4. 4. D.L. Vaux / Biochimica et Biophysica Acta 1813 (2011) 546–550 549protein for which there is strong evidence that it is released from the determine whether factor-deprived or drug-treated cells die, J. Cell Biol. 165 (2004) 835–842.mitochondria and plays a role in promoting cell death is cytochrome c. [23] A. Nagasaka, K. Kawane, H. Yoshida, S. Nagata, Apaf-1-independent programmedIt is clear that many other proteins are released at the same time, and cell death in mouse development, Cell Death Differ. 17 (2009) 931–941.presumably via the same route as cyt c, but evidence is lacking that [24] H. Okamoto, H. Shiraishi, H. Yoshida, Histological analyses of normally grown, fertile Apaf1-deficient mice, Cell Death Differ. 13 (2006) 668–671.any of them play essential roles in cell death, or that prevention of [25] C.Y. Du, M. Fang, Y.C. Li, L. Li, X.D. Wang, Smac, a mitochondrial protein thattheir release will stop any cell from dying. Furthermore, as caspases promotes cytochrome c-dependent caspase activation by eliminating IAPbecome active, they can cleave proteins of the outer mitochondrial inhibition, Cell 102 (2000) 33–42. [26] A.M. Verhagen, P.G. Ekert, M. Pakusch, J. Silke, L.M. Connolly, G.E. Reid, R.L. Moritz,membrane, leading to secondary release of mitochondrial proteins R.J. Simpson, D.L. Vaux, Identification of DIABLO, a mammalian protein thatinto the cytosol, but this is presumably a late, post-mortem event from promotes apoptosis by binding to and antagonizing IAP proteins, Cell 102 (2000)which a cell cannot recover. 43–53. [27] G. Wu, J.J. Chai, T.L. Suber, J.W. Wu, C.Y. Du, X.D. Wang, Y.G. Shi, Structural basis of IAP recognition by Smac/DIABLO, Nature 408 (2000) 1008–1012.Acknowledgements [28] S.M. Srinivasula, P. Datta, X.J. Fan, T. Fernandes-Alnemri, Z.W. Huang, E.S. Alnemri, Molecular determinants of the caspase-promoting activity of Smac/DIABLO and its role in the death receptor pathway, J. Biol. Chem. 275 (2000) 36152–36157. DLV is an NHMRC Australia Fellow, and his supported by grants [29] P.G. Ekert, J. Silke, C.J. Hawkins, A.M. Verhagen, D.L. Vaux, DIABLO promotesfrom the NHMRC (461221) and the Leukemia and Lymphoma Society. apoptosis by removing MIHA/XIAP from processed caspase 9, J. Cell Biol. 152 (2001) 483–490. [30] S. Fulda, W. Wick, M. Weller, K.M. Debatin, Smac agonists sensitize for Apo2L/References TRAIL- or anticancer drug-induced apoptosis and induce regression of malignant glioma in vivo, Nat. Med. 8 (2002) 808–815. [1] J.F. Kerr, A.H. Wyllie, A.R. Currie, Apoptosis: a basic biological phenomenon with [31] H. Okada, W.K. Suh, J. Jin, M. Woo, C. Du, A. Elia, G.S. Duncan, A. Wakeham, A. Itie, wide-ranging implications in tissue kinetics, Br. J. Cancer 26 (1972) 239–257. S.W. Lowe, X. Wang, T.W. Mak, Generation and characterization of Smac/DIABLO- [2] D. Hockenbery, G. Nunez, C. Milliman, R.D. Schreiber, S.J. Korsmeyer, Bcl-2 is an deficient mice, Mol. Cell. Biol. 22 (2002) 3509–3517. inner mitochondrial membrane protein that blocks programmed cell death, [32] H. Harlin, S.B. Reffey, C.S. Duckett, T. Lindsten, C.B. Thompson, Characterization of Nature 348 (1990) 334–336. XIAP-deficient mice, Mol. Cell. Biol. 21 (2001) 3604–3608. [3] Y. Tsujimoto, J. Cossman, E. Jaffe, C.M. Croce, Involvement of the bcl-2 gene in [33] A.M. Verhagen, J. Silke, P.G. Ekert, M. Pakusch, H. Kaufmann, L.M. Connolly, C.L. human follicular lymphoma, Science 228 (1985) 1440–1443. Day, A. Tikoo, R. Burke, C. Wrobel, R.L. Moritz, R.J. Simpson, D.L. Vaux, HtrA2 [4] D.L. Vaux, S. Cory, J.M. Adams, Bcl-2 gene promotes haemopoietic cell survival and promotes cell death through its serine protease activity and its ability to cooperates with c-myc to immortalize pre-B cells, Nature 335 (1988) 440–442. antagonize inhibitor of apoptosis proteins, J. Biol. Chem. 277 (2002) 445–454. [5] L.Z. Chen, J. Nourse, M.L. Cleary, The bcl-2 candidate proto-oncogene product is a [34] A.M. Verhagen, T.K. Kratina, C.J. Hawkins, J. Silke, P.G. Ekert, D.L. Vaux, 24-kilodalton integral-membrane protein highly expressed in lymphoid cell Identification of mammalian mitochondrial proteins that interact with IAPs via lines and lymphomas carrying the t(14;18) translocation, Mol. Cell. Biol. 9 (1989) N-terminal IAP binding motifs, Cell Death Differ. 14 (2007) 348–357. 701–710. [35] L.M. Martins, I. Iaccarino, T. Tenev, S. Gschmeissner, N.F. Totty, N.R. Lemoine, J. [6] L.Z. Chen, M.L. Cleary, Membrane topology of the Bcl-2 proto-oncogenic protein Savopoulos, C.W. Gray, C.L. Creasy, C. Dingwall, J. Downward, The serine protease demonstrated in vitro, J. Biol. Chem. 265 (1990) 4929–4933. Omi/HtrA2 regulates apoptosis by binding XIAP through a reaper-like motif, [7] P. Monaghan, D. Robertson, T.A. Amos, M.J. Dyer, D.Y. Mason, M.F. Greaves, J. Biol. Chem. 277 (2002) 439–444. Ultrastructural localization of bcl-2 protein, J. Histochem. Cytochem. 40 (1992) [36] R. Hegde, S.M. Srinivasula, Z.J. Zhang, R. Wassell, R. Mukattash, L. Cilenti, G. 1819–1825. DuBois, Y. Lazebnik, A.S. Zervos, T. Fernandes-Alnemri, E.S. Alnemri, Identifica- [8] M.D. Jacobson, J.F. Burne, M.P. King, T. Miyashita, J.C. Reed, M.C. Raff, Bcl-2 blocks tion of Omi/HtrA-2 as a mitochondrial apoptotic serine protease that disrupts apoptosis in cells lacking mitochondrial DNA, Nature 361 (1993) 365–369. inhibitor of apoptosis protein-caspase interaction, J. Biol. Chem. 277 (2002) [9] D.D. Newmeyer, D.M. Farschon, J.C. Reed, Cell-free apoptosis in xenopus egg 432–438. extracts - inhibition by bcl-2 and requirement for an organelle fraction enriched in [37] Y. Suzuki, Y. Imai, H. Nakayama, K. Takahashi, K. Takio, R. Takahashi, A serine mitochondria, Cell 79 (1994) 353–364. protease, HtrA2, is released from the mitochondria and interacts with XIAP,[10] N. Zamzami, P. Marchetti, M. Castedo, C. Zanin, J.L. Vayssiere, P.X. Petit, G. Kroemer, inducing cell death, Mol. Cell 8 (2001) 613–621. Reduction in mitochondrial potential constitutes an early irreversible step of [38] C. Spiess, A. Beil, M. Ehrmann, A temperature-dependent switch from chaperone programmed lymphocyte death in vivo, J. Exp. Med. 181 (1995) 1661–1672. to protease in a widely conserved heat shock protein, Cell 97 (1999) 339–347.[11] X.S. Liu, C.N. Kim, J. Yang, R. Jemmerson, X.D. Wang, Induction of apoptotic [39] T. Krojer, M. Garrido-Franco, R. Huber, M. Ehrmann, T. Clausen, Crystal structure of program in cell-free extracts - requirement for datp and cytochrome c, Cell 86 DegP (HtrA) reveals a new protease-chaperone machine, Nature 416 (2002) (1996) 147–157. 455–459.[12] J. Yang, X.S. Liu, K. Bhalla, C.N. Kim, A.M. Ibrado, J.Y. Cai, T.I. Peng, D.P. Jones, X.D. [40] L.M. Martins, A. Morrison, K. Klupsch, V. Fedele, N. Moisoi, P. Teismann, A. Abuin, E. Wang, Prevention of apoptosis by bcl-2 - release of cytochrome c from Grau, M. Geppert, G.P. Livi, C.L. Creasy, A. Martin, I. Hargreaves, S.J. Heales, H. mitochondria blocked, Science 275 (1997) 1129–1132. Okada, S. Brandner, J.B. Schulz, T. Mak, J. Downward, Neuroprotective Role of the[13] H. Zou, W.J. Henzel, X.S. Liu, A. Lutschg, X.D. Wang, Apaf-1, a human protein Reaper-Related Serine Protease HtrA2/Omi Revealed by Targeted Deletion in Mice, homologous to c-elegans ced-4, participates in cytochrome c-dependent Mol. Cell. Biol. 24 (2004) 9848–9862. activation of caspase-3, Cell 90 (1997) 405–413. [41] J.M. Jones, P. Datta, S.M. Srinivasula, W. Ji, S. Gupta, Z. Zhang, E. Davies, G.[14] P. Li, D. Nijhawan, I. Budihardjo, S.M. Srinivasula, M. Ahmad, E.S. Alnemri, X.D. Hajnoczky, T.L. Saunders, M.L. Van Keuren, T. Fernandes-Alnemri, M.H. Meisler, E. Wang, Cytochrome c and datp-dependent formation of apaf-1/caspase-9 complex Alnemri, Loss of Omi protease activity causes the neuromuscular disorder of mnd2 initiates an apoptotic protease cascade, Cell 91 (1997) 479–489. mutant mice, Nature 425 (2003) 721–727.[15] X.S. Liu, H. Zou, C. Slaughter, X.D. Wang, Dff, a heterodimeric protein that [42] A. Zachariou, T. Tenev, L. Goyal, J. Agapite, H. Steller, P. Meier, IAP-antagonists functions downstream of caspase-3 to trigger dna fragmentation during exhibit non-redundant modes of action through differential DIAP1 binding, EMBO apoptosis, Cell 89 (1997) 175–184. J. 22 (2003) 6642–6652.[16] H. Zou, Y. Li, X. Liu, X. Wang, An APAF-1.cytochrome c multimeric complex is a [43] S.J. Yoo, J.R. Huh, I. Muro, H. Yu, L.J. Wang, S.L. Wang, R.M.R. Feldman, R.J. Clem, H.A.J. functional apoptosome that activates procaspase-9, J. Biol. Chem. 274 (1999) Muller, B.A. Hay, Hid, Rpr and Grim negatively regulate DIAP1 levels through distinct 11549–11556. mechanisms, Nat. Cell Biol. 4 (2002) 416–424.[17] D. Acehan, X.J. Jiang, D.G. Morgan, J.E. Heuser, X.D. Wang, C.W. Akey, Three- [44] S.A. Susin, N. Zamzami, M. Castedo, T. Hirsch, P. Marchetti, A. Macho, E. Daugas, M. dimensional structure of the apoptosome: Implications for assembly, procaspase- Geuskens, G. Kroemer, Bcl-2 Inhibits the Mitochondrial Release of an Apoptogenic 9 binding, and activation, Mol. Cell 9 (2002) 423–432. Protease, J. Exp. Med. 184 (1996) 1331–1341.[18] C. Purring-Koch, G. McLendon, Cytochrome c binding to Apaf-1: the effects of [45] N. Joza, S.A. Susin, E. Daugas, W.L. Stanford, S.K. Cho, C.Y.J. Li, T. Sasaki, A.J. Elia, H.Y. dATP and ionic strength, Proc. Natl Acad. Sci. U. S. A. 97 (2000) 11928–11931. M. Cheng, L. Ravagnan, K.F. Ferri, N. Zamzami, A. Wakeham, R. Hakem, H. Yoshida,[19] F. Vaillant, B.E. Loveland, P. Nagley, A.W. Linnane, Some biochemical properties of Y.Y. Kong, T.W. Mak, J.C. Zuniga-Pflucker, G. Kroemer, J.M. Penninger, Essential human lymphoblastoid Namalwa cells grown anaerobically, Biochem. Int. 23 role of the mitochondrial apoptosis-inducing factor in programmed cell death, (1991) 571–580. Nature 410 (2001) 549–554.[20] M. Haraguchi, S. Torii, S. Matsuzawa, Z.H. Xie, S. Kitada, S. Krajewski, H. Yoshida, T. [46] H. Ye, C. Cande, N.C. Stephanou, S. Jiang, S. Gurbuxani, N. Larochette, E. Daugas, C. W. Mak, J.C. Reed, Apoptotic protease activating factor 1 (Apaf-1)-independent Garrido, G. Kroemer, H. Wu, DNA binding is required for the apoptogenic action of cell death suppression by Bcl-2, J. Exp. Med. 191 (2000) 1709–1720. apoptosis inducing factor, Nat. Struct. Biol. 9 (2002) 680–684.[21] Z. Hao, G.S. Duncan, C.C. Chang, A. Elia, M. Fang, A. Wakeham, H. Okada, T. [47] A. Urbano, U. Lakshmanan, P.H. Choo, J.C. Kwan, P.Y. Ng, K. Guo, S. Calzascia, Y. Jang, A. You-Ten, W.C. Yeh, P. Ohashi, X. Wang, T.W. Mak, Specific Dhakshinamoorthy, A. Porter, AIF suppresses chemical stress-induced apoptosis ablation of the apoptotic functions of cytochrome c reveals a differential and maintains the transformed state of tumor cells, EMBO J. 24 (2005) requirement for cytochrome c and Apaf-1 in apoptosis, Cell 121 (2005) 2815–2826. 579–591. [48] N. Vahsen, C. Cande, J.J. Briere, P. Benit, N. Joza, N. Larochette, P.G. Mastrober-[22] P.G. Ekert, S.H. Read, J. Silke, V.S. Marsden, H. Kaufmann, C.J. Hawkins, R. Gerl, S. ardino, M.O. Pequignot, N. Casares, V. Lazar, O. Feraud, N. Debili, S. Wissing, S. Kumar, D.L. Vaux, Apaf-1 and caspase-9 accelerate apoptosis, but do not Engelhardt, F. Madeo, M. Piacentini, J.M. Penninger, H. Schagger, P. Rustin, G.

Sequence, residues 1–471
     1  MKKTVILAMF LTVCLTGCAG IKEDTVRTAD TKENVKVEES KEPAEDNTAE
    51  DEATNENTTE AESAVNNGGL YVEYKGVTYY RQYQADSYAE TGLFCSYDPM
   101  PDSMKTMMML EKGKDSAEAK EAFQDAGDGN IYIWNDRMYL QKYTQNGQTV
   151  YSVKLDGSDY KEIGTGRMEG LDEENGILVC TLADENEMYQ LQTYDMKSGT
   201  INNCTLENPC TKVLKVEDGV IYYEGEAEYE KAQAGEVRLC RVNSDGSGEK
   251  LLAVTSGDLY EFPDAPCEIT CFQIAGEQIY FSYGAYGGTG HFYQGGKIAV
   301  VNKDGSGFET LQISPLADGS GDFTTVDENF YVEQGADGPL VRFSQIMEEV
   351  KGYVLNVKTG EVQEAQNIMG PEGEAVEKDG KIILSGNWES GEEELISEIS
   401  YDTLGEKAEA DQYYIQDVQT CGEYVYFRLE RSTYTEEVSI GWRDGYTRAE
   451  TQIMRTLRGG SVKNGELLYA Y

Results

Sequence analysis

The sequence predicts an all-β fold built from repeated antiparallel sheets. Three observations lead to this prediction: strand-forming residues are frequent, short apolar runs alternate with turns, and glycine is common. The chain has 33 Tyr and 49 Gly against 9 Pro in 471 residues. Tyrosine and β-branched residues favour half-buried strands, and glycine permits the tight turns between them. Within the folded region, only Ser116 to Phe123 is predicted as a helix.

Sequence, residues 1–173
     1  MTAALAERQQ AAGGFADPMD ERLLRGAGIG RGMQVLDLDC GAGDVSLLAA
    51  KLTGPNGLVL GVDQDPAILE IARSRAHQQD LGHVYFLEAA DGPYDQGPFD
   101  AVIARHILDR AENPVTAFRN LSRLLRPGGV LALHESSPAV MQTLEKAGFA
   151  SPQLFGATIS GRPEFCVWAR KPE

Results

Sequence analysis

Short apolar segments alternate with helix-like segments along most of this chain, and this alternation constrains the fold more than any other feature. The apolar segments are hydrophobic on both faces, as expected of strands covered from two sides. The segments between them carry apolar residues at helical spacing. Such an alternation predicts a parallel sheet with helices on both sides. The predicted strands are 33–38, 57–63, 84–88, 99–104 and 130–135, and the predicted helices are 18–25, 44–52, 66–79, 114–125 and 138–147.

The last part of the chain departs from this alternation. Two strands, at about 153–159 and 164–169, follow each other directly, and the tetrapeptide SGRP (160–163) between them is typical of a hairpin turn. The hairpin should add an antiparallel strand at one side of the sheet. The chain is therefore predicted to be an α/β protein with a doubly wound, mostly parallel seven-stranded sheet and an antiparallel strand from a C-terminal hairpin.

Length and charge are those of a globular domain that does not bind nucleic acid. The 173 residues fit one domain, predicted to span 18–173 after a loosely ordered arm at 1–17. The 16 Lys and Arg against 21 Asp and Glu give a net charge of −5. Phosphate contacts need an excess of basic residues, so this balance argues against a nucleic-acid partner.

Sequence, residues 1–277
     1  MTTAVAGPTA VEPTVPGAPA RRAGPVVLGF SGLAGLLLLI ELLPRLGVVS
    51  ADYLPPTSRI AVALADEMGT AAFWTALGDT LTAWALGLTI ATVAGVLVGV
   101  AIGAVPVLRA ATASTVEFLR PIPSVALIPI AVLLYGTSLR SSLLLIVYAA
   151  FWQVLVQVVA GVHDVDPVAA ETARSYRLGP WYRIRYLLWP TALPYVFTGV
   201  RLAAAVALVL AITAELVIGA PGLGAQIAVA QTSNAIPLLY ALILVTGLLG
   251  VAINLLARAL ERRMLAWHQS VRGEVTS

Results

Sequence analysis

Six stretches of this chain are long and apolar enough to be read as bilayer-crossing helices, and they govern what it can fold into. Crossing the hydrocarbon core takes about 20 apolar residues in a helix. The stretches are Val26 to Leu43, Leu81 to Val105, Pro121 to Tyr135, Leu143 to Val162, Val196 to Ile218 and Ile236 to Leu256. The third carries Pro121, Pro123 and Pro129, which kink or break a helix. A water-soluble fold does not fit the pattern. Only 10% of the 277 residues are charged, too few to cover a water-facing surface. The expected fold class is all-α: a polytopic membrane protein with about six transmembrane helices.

5. 5. 550 D.L. Vaux / Biochimica et Biophysica Acta 1813 (2011) 546–550 Kroemer, AIF deficiency compromises oxidative phosphorylation, EMBO J. 23 [67] U. Pannicke, M. Honig, I. Hess, C. Friesen, K. Holzmann, E.M. Rump, T.F. Barth, M.T. (2004) 4679–4689. Rojewski, A. Schulz, T. Boehm, W. Friedrich, K. Schwarz, Reticular dysgenesis[49] G. Palmisano, A.M. Sardanelli, A. Signorile, S. Papa, M.R. Larsen, The phosphory- (aleukocytosis) is caused by mutations in the gene encoding mitochondrial lation pattern of bovine heart complex I subunits, Proteomics 7 (2007) 1575–1583. adenylate kinase 2, Nat. Genet. 41 (2009) 101–105.[50] J.A. Klein, C.M. Longo-Guess, M.P. Rossmann, K.L. Seburn, R.E. Hurd, W.N. Frankel, [68] G. Feldmann, D. Haouzi, A. Moreau, A.M. Durand-Schneider, A. Bringuier, A. R.T. Bronson, S.L. Ackerman, The harlequin mouse mutation down-regulates Berson, A. Mansouri, D. Fau, D. Pessayre, Opening of the mitochondrial apoptosis-inducing factor, Nature 419 (2002) 367–374. permeability transition pore causes matrix expansion and outer membrane[51] D. Arnoult, P. Parone, J.C. Martinou, B. Antonsson, J. Estaquier, J.C. Ameisen, rupture in Fas-mediated hepatic apoptosis in mice, Hepatology 31 (2000) Mitochondrial release of apoptosis-inducing factor occurs downstream of 674–683. cytochrome c release in response to several proapoptotic stimuli, J. Cell Biol. [69] M.G. Vanderheiden, N.S. Chandel, E.K. Williamson, P.T. Schumacker, C.B. 159 (2002) 923–929. Thompson, Bcl-x(l) regulates the membrane potential and volume homeostasis[52] D. McIlroy, M. Tanaka, H. Sakahira, H. Fukuyama, M. Suzuki, K. Yamamura, Y. of mitochondria, Cell 91 (1997) 627–637. Ohsawa, Y. Uchiyama, S. Nagata, An auxiliary mode of apoptotic DNA fragmen- [70] G. Dewson, T. Kratina, P. Czabotar, C.L. Day, J.M. Adams, R.M. Kluck, Bak activation tation provided by phagocytes, Genes Dev. 14 (2000) 549–558. for apoptosis involves oligomerization of dimers via their alpha6 helices, Mol. Cell[53] L.Y. Li, X. Luo, X. Wang, Endonuclease G is an apoptotic DNase when released from 36 (2009) 696–703. mitochondria, Nature 412 (2001) 95–99. [71] C. Munoz-Pinedo, A. Guio-Carrion, J.C. Goldstein, P. Fitzgerald, D.D. Newmeyer, D.R.[54] J. Zhang, M. Dong, L. Li, Y. Fan, P. Pathre, J. Dong, D. Lou, J.M. Wells, D. Olivares- Green, Different mitochondrial intermembrane space proteins are released during Villagomez, L. Van Kaer, X. Wang, M. Xu, Endonuclease G is required for early apoptosis in a manner that is coordinately initiated but can vary in duration, Proc. embryogenesis and normal apoptosis in mice, Proc. Natl Acad. Sci. U. S. A. 100 Natl Acad. Sci. U. S. A. 103 (2006) 11573–11578. (2003) 15782–15787. [72] H. Dussmann, M. Rehm, D. Kogel, J.H. Prehn, Outer mitochondrial membrane[55] R.A. Irvine, N. Adachi, D.K. Shibata, G.D. Cassell, K. Yu, Z.E. Karanjawala, C.L. Hsieh, permeabilization during apoptosis triggers caspase-independent mitochondrial M.R. Lieber, Generation and characterization of endonuclease g null mice, Mol. and caspase-dependent plasma membrane potential depolarization: a single-cell Cell. Biol. 25 (2005) 294–302. analysis, J. Cell Sci. 116 (2003) 525–536.[56] A. Samali, B. Zhivotovsky, D.P. Jones, S. Orrenius, Detection of pro-caspase-3 in [73] M.M. Metzstein, G.M. Stanfield, H.R. Horvitz, Genetics of programmed cell death in cytosol and mitochondria of various tissues, FEBS Lett. 431 (1998) 167–169. C. elegans - past, present and future, Trends Genet. 14 (1998) 410–416.[57] A. Samali, J.Y. Cai, B. Zhivotovsky, D.P. Jones, S. Orrenius, Presence of a pre- [74] S. Kornbluth, K. White, Apoptosis in Drosophila: neither fish nor fowl (nor man, apoptotic complex of pro-caspase-3, Hsp60 and Hsp10 in the mitochondrial nor worm), J. Cell Sci. 118 (2005) 1779–1787. fraction of Jurkat cells, EMBO J. 18 (1999) 2040–2048. [75] A. Rodriguez, H. Oliver, H. Zou, P. Chen, X.D. Wang, J.M. Abrams, Dark is a[58] B. Zhivotovsky, A. Samali, A. Gahm, S. Orrenius, Caspases: their intracellular Drosophila homologue of Apaf-1/CED-4 and functions in an evolutionarily localization and translocation during apoptosis, Cell Death Differ. 6 (1999) conserved death pathway, Nat. Cell Biol. 1 (1999) 272–279. 644–651. [76] H. Kanuka, K. Sawamoto, N. Inohara, K. Matsuno, H. Okano, M. Miura, Control of[59] Z.H. Qin, Y. Wang, K.K. Kikly, E. Sapp, K.B. Kegel, N. Aronin, M. DiFiglia, Pro- the cell death pathway by Dapaf-1, a Drosophila Apaf-1/CED-4-related caspase caspase-8 is predominantly localized in mitochondria and released into activator, Mol. Cell 4 (1999) 757–769. cytoplasm upon apoptotic stimulation, J. Biol. Chem. 276 (2001) 8079–8086. [77] L. Dorstyn, K. Mills, Y. Lazebnik, S. Kumar, The two cytochrome c species, DC3 and[60] S. Krajewski, M. Krajewska, L.M. Ellerby, K. Welsh, Z.H. Xie, Q.L. Deveraux, G.S. DC4, are not required for caspase activation and apoptosis in Drosophila cells, Salvesen, D.E. Bredesen, R.E. Rosenthal, G. Fiskum, J.C. Reed, Release of caspase-9 J. Cell Biol. 167 (2004) 405–410. from mitochondria during neuronal apoptosis and cerebral ischemia, Proc. Natl [78] X. Yu, L. Wang, D. Acehan, X. Wang, C.W. Akey, Three-dimensional Structure of a Acad. Sci. U. S. A. 96 (1999) 5752–5757. double apoptosome formed by the Drosophila Apaf-1 related killer, J. Mol. Biol.[61] M. Mancini, D.W. Nicholson, S. Roy, N.A. Thornberry, E.P. Peterson, L.A. 255 (2005) 577–589. Casciolarosen, A. Rosen, The caspase-3 precursor has a cytosolic and mitochon- [79] K. White, M.E. Grether, J.M. Abrams, L. Young, K. Farrell, H. Steller, Genetic control drial distribution - implications for apoptotic signaling, J. Cell Biol. 140 (1998) of programmed cell death in Drosophila, Science 264 (1994) 677–683. 1485–1495. [80] A. Christich, S. Kauppila, P. Chen, N. Sogame, S.I. Ho, J.M. Abrams, The damage-[62] S.A. Susin, H.K. Lorenzo, N. Zamzami, I. Marzo, C. Brenner, N. Larochette, M.C. responsive Drosophila gene sickle encodes a novel IAP binding protein similar to Prevost, P.M. Alzari, G. Kroemer, Mitochondrial release of caspase-2 and -9 during but distinct from reaper, grim, and hid, Curr. Biol. 12 (2002) 137–140. the apoptotic process, J. Exp. Med. 189 (1999) 381–393. [81] J.P. Wing, J.S. Karres, J.L. Ogdahl, L. Zhou, L.M. Schwartz, J.R. Nambu, Drosophila[63] M. Elstner, C. Andreoli, T. Klopstock, T. Meitinger, H. Prokisch, The mitochondrial sickle is a novel grim-reaper cell death activator, Curr. Biol. 12 (2002) 131–135. proteome database: MitoP2, Methods Enzymol. 457 (2009) 3–20. [82] N.E. Crook, R.J. Clem, L.K. Miller, An apoptosis inhibiting baculovirus gene with a[64] C. Kohler, A. Gahm, T. Noma, A. Nakazawa, S. Orrenius, B. Zhivotovsky, Release of zinc finger like motif, J. Virol. 67 (1993) 2168–2174. adenylate kinase 2 from the mitochondrial intermembrane space during [83] A.G. Uren, M. Pakusch, C.J. Hawkins, K.L. Puls, D.L. Vaux, Cloning and expression of apoptosis, FEBS Lett. 447 (1999) 10–12. apoptosis inhibitory protein homologs that function to inhibit apoptosis and/or[65] H.J. Lee, J.O. Pyo, Y. Oh, H.J. Kim, S.H. Hong, Y.J. Jeon, H. Kim, D.H. Cho, H.N. Woo, S. bind tumor necrosis factor receptor-associated factors, Proc. Natl Acad. Sci. U. S. A. Song, J.H. Nam, K.S. Kim, Y.K. Jung, AK2 activates a novel apoptotic pathway 93 (1996) 4974–4978. through formation of a complex with FADD and caspase-10, Nat. Cell Biol. 9 [84] B.A. Hay, D.A. Wassarman, G.M. Rubin, Drosophila homologs of baculovirus (2007) 1303–1310 Epub 2007 Oct 1321. inhibitor of apoptosis proteins function to block cell death, Cell 83 (1995)[66] C. Lagresle-Peyrou, E.M. Six, C. Picard, F. Rieux-Laucat, V. Michel, A. Ditadi, C. 1253–1262. Demerens-de Chappedelaine, E. Morillon, F. Valensi, K.L. Simon-Stoos, J.C. [85] J. Silke, A.M. Verhagen, P.G. Ekert, D.L. Vaux, Sequence as well as functional Mullikin, L.M. Noroski, C. Besse, N.M. Wulffraat, A. Ferster, M.M. Abecasis, F. similarity for DIABLO/Smac and Grim, Reaper and Hid? Cell Death Differ. 7 (2000) Calvo, C. Petit, F. Candotti, L. Abel, A. Fischer, M. Cavazzana-Calvo, Human 1275. adenylate kinase 2 deficiency causes a profound hematopoietic defect associated [86] G. Wu, J.J. Chai, T.L. Suber, J.W. Wu, C.Y. Du, X.D. Wang, Y.G. Shi, Structural basis of with sensorineural deafness, Nat. Genet. 41 (2009) 106–111. IAP recognition by Smac/DIABLO, Nature 408 (2000) 1008–1012.